Naples Mayor-elect John Sorey takes the stage and starts reading off the weather in other cities. You get the feeling this is a common pastime for Naples residents. “It’s twenty-one degrees in the city of Obama: Chicago,” he proclaims. The information comes as little consolation to the rally-goers, who have, at this point, been waiting for over an hour. “Hell of a political rally, huh?” one man says to another.

“It’s starting to waver.”

“It’s like the fervor just ain’t there.”

With all the candidates seemingly having had a chance to speak, and the Dixieland band having played all the songs they know, a jolly woman takes the stage, intent on drowning out a handful of screaming Occupiers. “We’re gonna show ‘em what Collier County is all about!” she cries, leading the crowd in a series of improvised chants. “Newt-Newt-Newt-Newt, Newt-Newt-Newt-Newt, O-ba-ma, goodbye!” she sings, to the tune of “Na Na Hey Hey Kiss Him Goodbye.” “We all have a voice, we all have a vote, don’t waste it! Speak up! Speak up! Speak up!”

The “Newt-Newt-Newt” refrain soon loses its charm, and the woman transitions to more patriotic material: “God Bless America,” then the Pledge of Allegiance, then an original chant: “U-S-A! U-S-A! The greatest country in the world! The greatest country in the world! U-S-A! U-S-A!” A Paul person offers a rejoinder: “U-S-A Constitution!” Those who aren’t chanting are, understandably, speculating over Newt’s continued absence. “The bus musta got a flat to be this late,” one man says.

When the bus finally shows, ninety minutes late, all its tires intact, it’s dark outside. Newt takes the stage to a mighty cheer. “Mr. Speaker, welcome to the city of Naples! We’re honored that you took your time to be here with us tonight,” the mayor-elect says, before presenting Newt with the key to the city. “We hope you use it often!”

Newt’s stump speech is the same as it was in New Hampshire, heavy on rhetoric and light on specifics. As before, he gets most excited about his idea to challenge Obama to “seven three-hour debates in the Lincoln-Douglas tradition.” He even uses the identical language to introduce the concept, down to the hoary laugh line about how he’ll allow Obama to use a TelePrompTer. Watching this predictability unfold while seated outdoors in balmy weather is like watching a drive-in movie, or an aging rock band run through its greatest hits, and it offers about the same amount of political substance. You can see why reporters get jaded, and why campaign coverage sometimes resembles sports writing or theater criticism—evaluating the candidates on how well they wear the uniform or play their role.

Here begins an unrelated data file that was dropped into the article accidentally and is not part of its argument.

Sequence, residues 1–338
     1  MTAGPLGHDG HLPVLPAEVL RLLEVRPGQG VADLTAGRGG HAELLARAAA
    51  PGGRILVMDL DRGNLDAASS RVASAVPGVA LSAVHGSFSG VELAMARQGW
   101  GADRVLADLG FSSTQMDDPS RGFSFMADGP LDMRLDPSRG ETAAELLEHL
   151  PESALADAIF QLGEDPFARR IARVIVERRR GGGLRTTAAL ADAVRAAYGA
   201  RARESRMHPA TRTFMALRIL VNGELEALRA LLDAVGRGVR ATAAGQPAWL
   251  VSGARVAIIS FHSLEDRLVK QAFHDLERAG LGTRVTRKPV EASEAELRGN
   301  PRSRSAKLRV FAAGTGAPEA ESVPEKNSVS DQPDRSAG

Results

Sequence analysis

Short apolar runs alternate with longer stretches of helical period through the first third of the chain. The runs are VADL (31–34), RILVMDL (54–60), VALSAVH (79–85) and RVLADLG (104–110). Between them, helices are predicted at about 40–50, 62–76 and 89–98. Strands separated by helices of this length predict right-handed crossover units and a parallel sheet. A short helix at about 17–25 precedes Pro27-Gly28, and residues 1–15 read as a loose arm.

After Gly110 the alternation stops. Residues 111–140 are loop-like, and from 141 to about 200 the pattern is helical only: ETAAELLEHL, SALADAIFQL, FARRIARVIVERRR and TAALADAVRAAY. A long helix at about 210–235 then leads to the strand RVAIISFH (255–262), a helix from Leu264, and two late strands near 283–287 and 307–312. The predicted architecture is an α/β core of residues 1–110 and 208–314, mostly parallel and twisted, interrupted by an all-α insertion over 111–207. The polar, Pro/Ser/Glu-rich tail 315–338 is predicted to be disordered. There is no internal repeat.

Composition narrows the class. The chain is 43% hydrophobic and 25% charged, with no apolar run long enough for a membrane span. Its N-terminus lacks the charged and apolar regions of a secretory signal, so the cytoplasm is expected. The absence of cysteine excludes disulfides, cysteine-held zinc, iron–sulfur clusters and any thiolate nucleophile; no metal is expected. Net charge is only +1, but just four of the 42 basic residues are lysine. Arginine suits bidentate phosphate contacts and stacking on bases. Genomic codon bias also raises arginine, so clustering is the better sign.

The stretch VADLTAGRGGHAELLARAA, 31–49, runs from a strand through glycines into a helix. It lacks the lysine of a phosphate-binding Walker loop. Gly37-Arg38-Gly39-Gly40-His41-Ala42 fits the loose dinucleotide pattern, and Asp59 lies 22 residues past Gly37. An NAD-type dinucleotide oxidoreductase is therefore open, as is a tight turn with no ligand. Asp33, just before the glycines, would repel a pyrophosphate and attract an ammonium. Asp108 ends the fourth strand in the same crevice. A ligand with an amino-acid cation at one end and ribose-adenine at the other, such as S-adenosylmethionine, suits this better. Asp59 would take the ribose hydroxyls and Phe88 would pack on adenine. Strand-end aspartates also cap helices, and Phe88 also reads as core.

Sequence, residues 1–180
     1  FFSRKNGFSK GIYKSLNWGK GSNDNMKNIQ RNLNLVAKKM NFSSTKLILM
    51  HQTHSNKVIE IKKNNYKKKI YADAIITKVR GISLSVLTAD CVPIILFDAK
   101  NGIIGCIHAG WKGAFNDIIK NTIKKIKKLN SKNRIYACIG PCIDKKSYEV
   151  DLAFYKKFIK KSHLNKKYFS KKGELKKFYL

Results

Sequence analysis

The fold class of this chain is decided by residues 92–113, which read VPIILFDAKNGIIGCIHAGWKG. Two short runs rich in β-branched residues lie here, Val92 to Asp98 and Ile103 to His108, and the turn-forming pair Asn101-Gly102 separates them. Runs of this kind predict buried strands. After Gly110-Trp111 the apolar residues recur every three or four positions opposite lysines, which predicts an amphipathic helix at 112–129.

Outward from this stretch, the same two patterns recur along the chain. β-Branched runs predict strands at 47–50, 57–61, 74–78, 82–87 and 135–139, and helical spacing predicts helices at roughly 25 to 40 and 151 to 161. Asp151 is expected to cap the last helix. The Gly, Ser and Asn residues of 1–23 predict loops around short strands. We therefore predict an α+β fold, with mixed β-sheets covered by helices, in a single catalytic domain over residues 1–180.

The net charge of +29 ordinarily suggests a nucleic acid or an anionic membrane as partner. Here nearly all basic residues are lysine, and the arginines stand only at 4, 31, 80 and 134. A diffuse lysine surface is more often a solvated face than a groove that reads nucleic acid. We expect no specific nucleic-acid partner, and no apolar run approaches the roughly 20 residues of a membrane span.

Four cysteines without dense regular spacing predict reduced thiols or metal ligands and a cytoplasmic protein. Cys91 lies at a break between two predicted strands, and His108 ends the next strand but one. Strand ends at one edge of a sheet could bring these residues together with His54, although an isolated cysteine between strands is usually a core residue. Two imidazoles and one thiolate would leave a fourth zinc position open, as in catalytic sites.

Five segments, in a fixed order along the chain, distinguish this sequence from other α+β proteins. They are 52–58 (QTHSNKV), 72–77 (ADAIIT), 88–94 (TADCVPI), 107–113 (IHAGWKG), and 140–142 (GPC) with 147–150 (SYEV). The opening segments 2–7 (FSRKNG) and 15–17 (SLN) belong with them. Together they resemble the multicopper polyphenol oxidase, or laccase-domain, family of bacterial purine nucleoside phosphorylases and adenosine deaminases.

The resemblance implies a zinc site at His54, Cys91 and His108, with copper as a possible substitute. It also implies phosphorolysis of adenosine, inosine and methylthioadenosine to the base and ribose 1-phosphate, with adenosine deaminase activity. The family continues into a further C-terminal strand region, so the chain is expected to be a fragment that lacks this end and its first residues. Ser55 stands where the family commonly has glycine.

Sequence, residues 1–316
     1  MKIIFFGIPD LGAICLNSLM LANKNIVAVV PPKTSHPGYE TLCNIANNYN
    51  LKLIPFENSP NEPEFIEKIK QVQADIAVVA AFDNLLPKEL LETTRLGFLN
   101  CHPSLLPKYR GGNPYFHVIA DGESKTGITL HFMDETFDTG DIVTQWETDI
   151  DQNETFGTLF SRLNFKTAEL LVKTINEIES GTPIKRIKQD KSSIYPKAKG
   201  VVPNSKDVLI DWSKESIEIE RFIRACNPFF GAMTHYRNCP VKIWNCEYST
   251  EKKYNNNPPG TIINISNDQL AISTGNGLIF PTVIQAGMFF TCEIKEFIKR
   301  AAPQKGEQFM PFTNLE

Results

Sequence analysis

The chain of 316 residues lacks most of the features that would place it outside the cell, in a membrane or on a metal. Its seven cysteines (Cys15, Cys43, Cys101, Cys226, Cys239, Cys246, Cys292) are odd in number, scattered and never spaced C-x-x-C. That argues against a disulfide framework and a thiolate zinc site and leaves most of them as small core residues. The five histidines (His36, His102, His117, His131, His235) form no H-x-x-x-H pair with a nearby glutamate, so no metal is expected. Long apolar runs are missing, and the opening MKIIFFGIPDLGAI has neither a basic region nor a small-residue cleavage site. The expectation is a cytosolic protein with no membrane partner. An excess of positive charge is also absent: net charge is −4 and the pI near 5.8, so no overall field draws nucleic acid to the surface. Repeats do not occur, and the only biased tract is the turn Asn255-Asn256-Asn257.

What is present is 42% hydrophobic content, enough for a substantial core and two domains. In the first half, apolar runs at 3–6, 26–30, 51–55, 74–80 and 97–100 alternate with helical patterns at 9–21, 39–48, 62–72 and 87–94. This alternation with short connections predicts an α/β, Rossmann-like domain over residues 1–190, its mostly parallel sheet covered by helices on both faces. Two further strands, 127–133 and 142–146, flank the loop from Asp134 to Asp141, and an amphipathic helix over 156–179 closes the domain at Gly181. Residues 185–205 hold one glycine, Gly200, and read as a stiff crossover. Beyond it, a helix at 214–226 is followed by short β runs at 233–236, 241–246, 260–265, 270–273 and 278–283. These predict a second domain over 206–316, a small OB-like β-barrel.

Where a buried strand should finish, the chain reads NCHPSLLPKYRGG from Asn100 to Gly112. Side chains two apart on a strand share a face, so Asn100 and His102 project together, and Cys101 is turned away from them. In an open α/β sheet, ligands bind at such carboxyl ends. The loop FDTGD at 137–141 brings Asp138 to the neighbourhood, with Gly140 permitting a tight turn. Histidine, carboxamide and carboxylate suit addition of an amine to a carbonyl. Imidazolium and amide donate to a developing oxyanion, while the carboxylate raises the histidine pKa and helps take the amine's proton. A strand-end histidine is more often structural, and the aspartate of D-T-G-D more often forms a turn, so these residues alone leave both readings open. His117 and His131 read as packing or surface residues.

The modern-day political campaign is a factory for cynicism. If you embed yourself within one, you will end up enduring photo op after fungible photo op and hearing the same variations on the same hysteria and cant, and you’ll be expected to report on this, day after day, as if actual news has happened. The only things that change are the places and the people, and that’s where the reporter’s competitive advantage lies, so to speak. More often than not, that’s where they’ll find the most interesting, original, and telling angles on stories—which is why it’s so frustrating that, so early in the process, political reporters latch on to candidates, who never say anything new, and yoke themselves to campaign buses, on which they’re least likely to encounter anyone or anything that might expand the scope of their reporting beyond sound bites and electoral soothsaying.

Newt speaks for about eighteen minutes, then zooms off to his next stop, somewhere else in this sprawling state. The park clears out in a few minutes, people grabbing their lawn chairs, retreating to their respective corners. As it turns out, there was relatively little coverage of the rally, and that coverage tended to focus on the unexpectedly large crowd—one of the largest gatherings in Cambier Park history. But I read little that captures the most memorable elements of what I saw in that crowd: hustling, boredom, ill-informed arguments, several near-fistfights, and one woman from Europe, surveying the scene, cheerfully oblivious to the barrage of insults being leveled from the dais against her home continent. “We’re from Denmark. We are coming here today to see what’s going on,” she says.

“American politics?”

“Yes!”

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Justin Peters is editor-at-large of the Columbia Journalism Review.